ggpow2
I had to put our 12 year old Newfoundland Teyha, down on Sunday evening and now I am absolutely consumed by pain, remorse and regret. .

She suffered with hip dysplasia and arthritis in her knees and front leg for a few years. Recently, her back legs began getting weaker and losing muscle and her hips became bad enough that you could offer hear them click when she walked. She was put on all sorts of medication, and even though I knew this was probably very painful for her, she soldiered on as she always had without complaint.

Roughly two months ago I started to notice her behaviour was changing a bit...she was no longer as affectionate as she'd always been, and she started to pace a little and seemed lost sometimes. I took her to the vets and the told me that it could be her being less settled because of her hips and arthritis or, that being very old for a giant breed dog, she may be going a little senile, so they increased her pain/inflammation meds and put her on medication used to treat alzimer in animals, but that seemed to have no effect.

About a month ago I noticed her limp in the front foot was getting more pronounced. This had waxed and waned over the years and therefore I didn't pay too much attention to it. Then one day when her mum was looking at her foot, she discovered a weeping, painful looking growth under one of her toes. I took her to the vets the next day, and it turned out to be a tumour under her toe. I immediately had the toe removed...but the operation/anaesthetic was very hard on her, and since the operation her condition became progressively worse, more wandering, getting stuck behind furniture, circling, tripping over her front foot, panting constantly and losing support in her back legs. She also stopped wagging her tail and making any attempt to greet anyone. She just didn't seem herself. Last week I took her to stay at her mums house(which I do in summer on days when temperatures get excessive because they(I have two) can't handle the heat anymore), when I returned two days later to pick her up in the morning, she could not walk unassisted at all, fell over constantly, and if she did manage to get up with help, was pressing her head into walls and panting without let up. I took her to the emergency, and after examining her, the doctor said she had all the classic signs of brain cancer. The vet said the options were very limited for any dog, but especially for one of her age and physical state. The vet thought it was a good idea to put her to sleep, but said it would be reasonable to wait a couple of days to say goodbye to the family. I took her home that night, and the next day brought her back to her mums house so the kids could say goodbye and we could all spend the day with her before we took her in Monday. Unfortunately, by the afternoon it seemed pretty obvious at the time that we shouldn't wait, as her symptoms became much worse, and now she couldn't walk at all. We called a vet to the house and they put my poor old girl to sleep that evening. The bottom line is that I feel like I made the wrong decision. What bothered me most is that the diagnosis of brain cancer was suspected, and not definitive. To get that would have taken an MRI that cost $2000.00, a 2hr drive and would have required her to be put under(the last time terribly hard on her). The vet explained that even if they could do all that, the chances were that there would be nothing they could do anyway, all things considered. Even though I know that's probably all true, it still leaves me asking "what if?" What if they were wrong? What if it was something less serious? What if it could've been treated? What if I was wrong? What if I'd discovered the cancer in her foot sooner? Did it spread from there? I usually need to have all the information before I make any decision, never mind one this big, but this time I didn't, and now the guilt of not knowing for certain is killing me. That, and thinking about all the times I was too busy to walk her, or got angry at her or didn't give her the attention she wanted. Was I a good friend to her and was I worthy. I'm absolutely filled with guilt, regret and an overwhelming sadness that's all consuming at the moment.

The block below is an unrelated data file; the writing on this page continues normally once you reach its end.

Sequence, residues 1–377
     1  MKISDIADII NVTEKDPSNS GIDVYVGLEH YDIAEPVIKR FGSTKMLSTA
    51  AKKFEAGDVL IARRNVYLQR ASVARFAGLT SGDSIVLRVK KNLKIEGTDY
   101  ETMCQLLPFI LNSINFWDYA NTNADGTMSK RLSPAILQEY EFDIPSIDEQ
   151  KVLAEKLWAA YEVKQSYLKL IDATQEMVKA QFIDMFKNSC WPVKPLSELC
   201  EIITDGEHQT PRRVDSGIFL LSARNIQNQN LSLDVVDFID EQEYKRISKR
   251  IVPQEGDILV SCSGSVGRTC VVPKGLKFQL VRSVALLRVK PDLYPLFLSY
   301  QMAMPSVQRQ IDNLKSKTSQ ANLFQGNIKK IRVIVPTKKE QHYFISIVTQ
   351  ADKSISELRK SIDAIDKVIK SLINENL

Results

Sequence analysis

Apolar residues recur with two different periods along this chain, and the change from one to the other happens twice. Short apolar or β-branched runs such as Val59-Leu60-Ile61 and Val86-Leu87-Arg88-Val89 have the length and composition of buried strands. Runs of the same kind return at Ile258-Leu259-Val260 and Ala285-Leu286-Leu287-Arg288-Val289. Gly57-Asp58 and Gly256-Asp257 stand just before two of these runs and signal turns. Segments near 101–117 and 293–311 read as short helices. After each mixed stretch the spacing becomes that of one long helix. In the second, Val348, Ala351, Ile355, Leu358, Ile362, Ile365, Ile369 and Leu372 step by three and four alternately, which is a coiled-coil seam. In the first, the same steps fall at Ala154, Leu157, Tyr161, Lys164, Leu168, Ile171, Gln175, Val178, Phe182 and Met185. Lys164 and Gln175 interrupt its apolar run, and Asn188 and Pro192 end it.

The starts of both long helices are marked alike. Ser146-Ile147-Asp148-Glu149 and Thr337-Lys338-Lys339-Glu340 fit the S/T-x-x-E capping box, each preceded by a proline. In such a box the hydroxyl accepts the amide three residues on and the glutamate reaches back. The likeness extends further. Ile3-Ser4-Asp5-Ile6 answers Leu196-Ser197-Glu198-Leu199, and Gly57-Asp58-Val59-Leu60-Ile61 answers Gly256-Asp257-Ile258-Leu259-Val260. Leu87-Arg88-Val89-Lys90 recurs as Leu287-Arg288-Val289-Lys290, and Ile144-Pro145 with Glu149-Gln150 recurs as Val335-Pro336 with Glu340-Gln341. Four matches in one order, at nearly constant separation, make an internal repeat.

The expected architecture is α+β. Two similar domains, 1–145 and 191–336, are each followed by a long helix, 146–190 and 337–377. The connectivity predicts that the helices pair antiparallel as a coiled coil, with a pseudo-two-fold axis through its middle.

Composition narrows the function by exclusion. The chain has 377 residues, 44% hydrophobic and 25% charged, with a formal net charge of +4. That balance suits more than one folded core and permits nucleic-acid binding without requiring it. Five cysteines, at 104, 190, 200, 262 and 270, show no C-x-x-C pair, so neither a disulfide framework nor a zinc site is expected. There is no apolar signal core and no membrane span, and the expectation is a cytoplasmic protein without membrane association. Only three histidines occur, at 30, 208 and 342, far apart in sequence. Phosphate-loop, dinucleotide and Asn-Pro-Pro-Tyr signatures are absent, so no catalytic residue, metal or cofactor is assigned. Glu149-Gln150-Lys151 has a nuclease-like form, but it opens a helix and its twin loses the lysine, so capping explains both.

I miss her terribly already...

Quote 0 0
JerseyNonna
I am so sorry for the loss of your dear friend teyha.  these gentle souls come into our lives and hearts that sometimes we expect they are always going to be with us.  one of the things we should always be aware of with our dear friends who can't tell us with words that they are hurting is to notice the small changes in their behavior and mobility as you were.  quality of life is one thing i'm really confused about when it comes to how humans think of it and surely since my accident and resulting failed spinal surgery in 2002, with constant chronic pain I absolutely know my quality of life changed drastically.  I can express my hurt with words but also through body language.  guilt...everyone here holds a piece of that same guilt within us; go over the same exact questions you are asking yourself over and over with and in a way, beating yourself up with. 

having lost two dear rotties to cancer which were too aggressive a form to be even treated I can assure you that you allowed teyha to move from an extremely painful existence here on earth to one of being young again with no cancer, no injuries, most of all no pain.  not only did you give her a wonderfully loving home and life for a wonderfully long life for a giant breed, but in the end you gave her the greatest gift that any human can offer their fur-baby - earthly release from a life of pain.  quality of life should mean so much to us as humans being loved by such great souls because we know they have a zest for life; to run, play, cuddle, kiss us and just feel good.  when little by little age or illness undermines that quality of life then it is time for us to allow our dear loved friends to move across the bridge to wait for us.  sometimes I wish that when my quality of life deteriorates to such a point that some kind soul would help me pass quietly and peacefully - but stupid humans for humans call that "assisted suicide" but if it's a human for animal it's ok and simply "euthanization".  how can we as a species be able to do kinder things for our fur friends than we can do for ourselves.  idk but I do know that teyha is still with you in your heart and am quite certain she is running, playing and romping through the meadow, by the lake or hillside with some of our other loved babies who have passed.